Meticulous form for air
Breath turned sonic
Welcome, I help people on their journey down this také no michi “bamboo path” by providing lessons and instruments. I pass-on the bygone regional styles of honkyoku. These are the solo Zen pieces originating from the Komuso monks. My students begin their journey with the essential honkyoku of the Seien Ryu from Fudaiji temple. I also teach honkyoku from the styles which their works inspired, such as Jin Nyodo’s, Watazumi’s, and Higuchi Taizan’s Myoan.
As for my journey, it began when I started crafting bamboo flutes in my teens as a complement to my meditation practice. The shakuhachi was the first instrument that I studied under a teacher, and I never looked back… I’ve since written a book and invented the first jinashi shakuhachi replicas which I named The Bell.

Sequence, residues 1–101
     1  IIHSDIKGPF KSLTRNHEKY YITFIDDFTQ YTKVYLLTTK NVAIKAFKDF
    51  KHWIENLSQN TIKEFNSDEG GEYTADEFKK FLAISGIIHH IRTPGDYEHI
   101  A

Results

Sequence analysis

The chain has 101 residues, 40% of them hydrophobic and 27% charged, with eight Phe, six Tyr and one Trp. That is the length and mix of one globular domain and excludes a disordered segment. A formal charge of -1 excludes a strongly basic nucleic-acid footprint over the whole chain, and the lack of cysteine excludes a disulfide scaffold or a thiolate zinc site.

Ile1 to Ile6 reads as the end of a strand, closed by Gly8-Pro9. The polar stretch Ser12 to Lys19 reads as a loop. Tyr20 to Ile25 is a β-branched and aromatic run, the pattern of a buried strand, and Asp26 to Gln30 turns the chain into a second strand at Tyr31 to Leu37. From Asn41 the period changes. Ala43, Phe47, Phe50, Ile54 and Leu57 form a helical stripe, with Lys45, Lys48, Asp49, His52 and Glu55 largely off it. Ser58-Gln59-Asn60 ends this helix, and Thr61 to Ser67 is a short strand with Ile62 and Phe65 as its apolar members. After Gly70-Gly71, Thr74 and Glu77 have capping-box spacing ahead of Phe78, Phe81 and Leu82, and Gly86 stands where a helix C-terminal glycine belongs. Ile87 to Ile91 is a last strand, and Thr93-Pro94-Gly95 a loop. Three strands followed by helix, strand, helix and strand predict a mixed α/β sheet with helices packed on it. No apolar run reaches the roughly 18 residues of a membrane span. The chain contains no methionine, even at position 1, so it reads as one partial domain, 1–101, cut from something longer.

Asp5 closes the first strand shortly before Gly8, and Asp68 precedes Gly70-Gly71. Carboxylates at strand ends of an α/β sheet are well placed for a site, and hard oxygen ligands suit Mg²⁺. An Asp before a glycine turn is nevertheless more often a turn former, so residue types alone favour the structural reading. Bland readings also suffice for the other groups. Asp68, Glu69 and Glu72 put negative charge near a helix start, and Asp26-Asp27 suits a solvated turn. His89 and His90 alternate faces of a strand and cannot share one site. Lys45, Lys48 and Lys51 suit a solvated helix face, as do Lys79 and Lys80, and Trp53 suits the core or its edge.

My YouTube video on how to play
In the above video, I attempt to show how to sound a shakuhachi. Of course, more in-depth, personalized instruction occurs in live shakuhachi lessons over Skype video chat. But hopefully this helps…
Do you need a shakuhachi? The Bell
I craft and play the older jinashi style of shakuhachi which are mostly natural bamboo on the inside. Conversely, contemporary jiari style shakuhachi are mostly plaster or glue on the inside. While the jiari quickly became the new standard, making jinashi largely relics of the past, jinashi are enjoying a full-fledged renaissance in recent times.
As for crafting, jiari are easier to craft because a predetermined bore shape is cast or formed inside of the bamboo. The length can also be adjusted via joints. As one might imagine, crafting jinashi to a high level can often be much more difficult because the maker has to rely much more on what nature gives them. Acquiring suitable madaké bamboo is immensely important, and difficult. When crafted expertly, jinashi offer an entirely unequaled experience.